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Last Sister of Charity retires from St. William School

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By Eileen Connelly, OSU
The Catholic Telegraph

“It was a blessing and an adventure.”

That’s how Sister of Charity of Cincinnati Helen Attenweiler describes her educational ministry, which spanned 56 years. Thirty-seven of those years were spent at St. William School in Price Hill, where the members of her religious community taught generations of children for more than a century. Sister Helen retired at the end of May, the last remaining Sister of Charity to serve at the west side school, passing the torch to a new generation of teachers and leaving behind a tradition of Catholic education that formed the faith of countless children over the years.

Sister Helen’s role in that legacy was recognized at an all-school Mass at St. William on May 22. Approximately 30 Sisters of Charity, many of whom also taught at the school, were present, along with other guests. After Mass, the St. William PTO and faculty members served them breakfast in the school library. That afternoon, Sister Helen was also recognized at an all-school assembly, featuring music from the Elder High School Glee Club under the direction of Dave Allen, music director at St. William Parish. Guests also enjoyed a visit from Rosie Red, a special treat for Sister Helen, who is a big Cincinnati Reds fan.

A native of Troy, Ohio, Sister Helen entered the Sisters of Charity in 1955, drawn to the community by the sisters’ love for God and hospitality. She holds a bachelor’s degree from the College of Mount St. Joseph and later earned a master’s in education from Xavier University. Her teaching ministry began in 1957 at a Catholic school in Detroit. She also taught in Springfield and at St. Lawrence School in Price Hill before being assigned to St. William.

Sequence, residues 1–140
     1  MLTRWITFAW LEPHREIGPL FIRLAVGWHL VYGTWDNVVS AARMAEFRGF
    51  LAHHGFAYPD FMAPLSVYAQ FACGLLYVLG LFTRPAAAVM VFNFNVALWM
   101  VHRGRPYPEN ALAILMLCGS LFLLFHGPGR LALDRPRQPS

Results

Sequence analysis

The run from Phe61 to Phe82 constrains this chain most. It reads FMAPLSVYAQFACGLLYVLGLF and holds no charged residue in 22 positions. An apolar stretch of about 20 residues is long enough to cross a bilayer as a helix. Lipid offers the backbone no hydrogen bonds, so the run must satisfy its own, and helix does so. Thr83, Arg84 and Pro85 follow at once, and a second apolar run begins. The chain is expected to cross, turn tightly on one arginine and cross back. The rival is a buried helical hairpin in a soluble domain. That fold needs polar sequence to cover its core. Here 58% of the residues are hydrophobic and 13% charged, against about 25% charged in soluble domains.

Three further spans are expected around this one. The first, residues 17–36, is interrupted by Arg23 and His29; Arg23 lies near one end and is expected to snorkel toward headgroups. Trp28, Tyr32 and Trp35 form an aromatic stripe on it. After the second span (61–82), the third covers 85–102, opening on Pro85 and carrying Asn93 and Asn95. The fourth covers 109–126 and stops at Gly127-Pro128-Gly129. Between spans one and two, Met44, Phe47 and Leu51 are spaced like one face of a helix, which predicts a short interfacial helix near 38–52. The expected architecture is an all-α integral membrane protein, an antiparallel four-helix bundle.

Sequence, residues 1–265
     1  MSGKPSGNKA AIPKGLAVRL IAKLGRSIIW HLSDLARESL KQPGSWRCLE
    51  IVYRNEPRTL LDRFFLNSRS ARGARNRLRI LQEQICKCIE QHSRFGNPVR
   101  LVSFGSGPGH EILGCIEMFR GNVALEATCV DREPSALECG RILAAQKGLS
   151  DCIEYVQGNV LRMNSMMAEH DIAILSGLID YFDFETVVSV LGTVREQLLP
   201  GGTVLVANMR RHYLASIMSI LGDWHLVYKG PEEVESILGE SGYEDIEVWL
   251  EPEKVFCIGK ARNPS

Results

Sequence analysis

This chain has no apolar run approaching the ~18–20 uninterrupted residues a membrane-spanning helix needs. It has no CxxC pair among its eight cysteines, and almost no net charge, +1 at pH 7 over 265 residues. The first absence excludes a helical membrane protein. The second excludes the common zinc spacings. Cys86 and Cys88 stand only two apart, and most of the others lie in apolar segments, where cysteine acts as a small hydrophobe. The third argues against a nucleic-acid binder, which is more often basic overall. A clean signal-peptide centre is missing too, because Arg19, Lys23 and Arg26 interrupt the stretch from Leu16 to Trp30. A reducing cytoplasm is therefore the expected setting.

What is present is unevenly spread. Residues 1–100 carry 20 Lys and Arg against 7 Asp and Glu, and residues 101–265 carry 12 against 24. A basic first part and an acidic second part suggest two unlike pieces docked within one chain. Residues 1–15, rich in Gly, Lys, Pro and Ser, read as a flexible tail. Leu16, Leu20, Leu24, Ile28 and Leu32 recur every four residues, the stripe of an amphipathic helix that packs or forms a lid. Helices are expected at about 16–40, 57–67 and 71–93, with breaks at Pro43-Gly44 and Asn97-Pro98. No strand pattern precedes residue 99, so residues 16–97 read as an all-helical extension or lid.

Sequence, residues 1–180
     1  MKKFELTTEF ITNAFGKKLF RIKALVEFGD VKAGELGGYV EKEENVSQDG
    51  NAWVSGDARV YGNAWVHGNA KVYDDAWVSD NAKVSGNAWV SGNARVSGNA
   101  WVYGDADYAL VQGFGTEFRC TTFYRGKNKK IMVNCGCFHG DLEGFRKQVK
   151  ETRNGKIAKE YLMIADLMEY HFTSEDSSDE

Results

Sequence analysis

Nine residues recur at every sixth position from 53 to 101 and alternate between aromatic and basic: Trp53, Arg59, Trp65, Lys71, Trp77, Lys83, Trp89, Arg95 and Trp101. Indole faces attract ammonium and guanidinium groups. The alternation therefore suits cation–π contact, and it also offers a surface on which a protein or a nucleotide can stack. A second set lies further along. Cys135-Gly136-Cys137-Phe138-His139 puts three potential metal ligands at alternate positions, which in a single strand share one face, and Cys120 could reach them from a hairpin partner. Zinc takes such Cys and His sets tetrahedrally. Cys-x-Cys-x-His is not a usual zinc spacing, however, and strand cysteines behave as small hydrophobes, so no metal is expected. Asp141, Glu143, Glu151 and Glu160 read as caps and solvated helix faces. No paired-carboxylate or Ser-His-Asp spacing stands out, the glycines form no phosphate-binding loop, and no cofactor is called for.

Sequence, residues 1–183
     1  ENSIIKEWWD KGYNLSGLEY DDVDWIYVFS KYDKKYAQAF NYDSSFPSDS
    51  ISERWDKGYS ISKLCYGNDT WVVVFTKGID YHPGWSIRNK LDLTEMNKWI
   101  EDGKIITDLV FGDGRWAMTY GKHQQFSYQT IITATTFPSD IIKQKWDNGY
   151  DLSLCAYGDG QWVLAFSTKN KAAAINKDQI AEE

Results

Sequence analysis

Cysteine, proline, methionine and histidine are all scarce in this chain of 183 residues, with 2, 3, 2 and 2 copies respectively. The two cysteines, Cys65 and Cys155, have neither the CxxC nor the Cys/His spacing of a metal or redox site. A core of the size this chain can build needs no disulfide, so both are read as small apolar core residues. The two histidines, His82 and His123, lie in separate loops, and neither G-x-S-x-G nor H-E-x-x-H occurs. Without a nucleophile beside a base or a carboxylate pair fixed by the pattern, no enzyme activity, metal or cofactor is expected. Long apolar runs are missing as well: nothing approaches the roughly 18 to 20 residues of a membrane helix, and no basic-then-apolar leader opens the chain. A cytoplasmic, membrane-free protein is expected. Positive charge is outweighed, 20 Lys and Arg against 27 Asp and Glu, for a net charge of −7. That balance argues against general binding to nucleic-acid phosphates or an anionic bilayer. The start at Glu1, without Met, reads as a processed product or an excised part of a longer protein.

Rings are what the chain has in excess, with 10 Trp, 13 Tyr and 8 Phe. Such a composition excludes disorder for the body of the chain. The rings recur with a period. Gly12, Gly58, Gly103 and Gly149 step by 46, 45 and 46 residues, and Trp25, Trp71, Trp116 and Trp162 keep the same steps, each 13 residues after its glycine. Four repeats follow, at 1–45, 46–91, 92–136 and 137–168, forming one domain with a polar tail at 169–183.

“I didn’t want any kind of celebration,” Sister Helen admitted. “I just wanted to walk into the sunset. They insisted, though, and I was humbled by and grateful for the whole thing.”

“I’ll miss the kids and the teachers so much”, added Sister Helen, who taught kindergarten, first and second grade at St. William, and for the last 10 years, did remedial literacy work with the children. “The students were just open, happy and friendly. I loved every minute of it. And, the teachers are the best, very dedicated and very considerate. They’re the glue that holds the place together. They don’t get half of the credit they’re due.”

Pam Schroth, who has taught kindergarten at St. William for the past 18 years, was quick to give credit to Sister Helen saying, “She was a wonderful example for all of us, teaching with a sense of humor and a manner that brought out the best in everybody. The children, teachers and parents respected her, and I feel lucky to have worked with her. We are definitely going to miss her. “

Sister Helen’s faith, dedication and love for her students were shared by the many other Sisters of Charity who served the school over the years. Members of the religious community were first assigned to teach at the newly erected elementary school in 1911, taking up residence at Cedar Grove (the present site of Seton High School) and welcoming 130 students. The number of Sisters serving as faculty members grew as the school did and they were an integral part of its expansion over the years. Past living principals include Sisters Mary Alicia Bomya and Annette Paveglio.

“I remember fondly my years at St. William,” Sister Annette said. “The SC spirit was alive in the parish and school and the sisters were always appreciated for their parents and leadership. Parents placed a great importance on their children receiving a Catholic education. I always felt connected, appreciated and engaged with all in the parish community.”

Sister Cookie Crowley recalls the friendly, neighborhood atmosphere and how the schoolyard seemed to be a gathering place for families who lived nearby. The faith of those families was “always very alive and they had great respect for the sisters,” she said. “We always welcomed them at the convent, day or night, and they knew where to come for a listening ear. “

While their presence will be missed, the sisters’ legacy at St. William will live on. Meanwhile, Sister Helen is looking forward to the next step on her journey of faith. She moved to the sisters’ Delhi Township motherhouse in June and said she has no big plans yet for her retirement. She would eventually like to return to ministry as a literacy tutor. “God will let me know what He wants me to do next,” she said. “He’s the only who knows what that will be, and He’s not telling me yet.”

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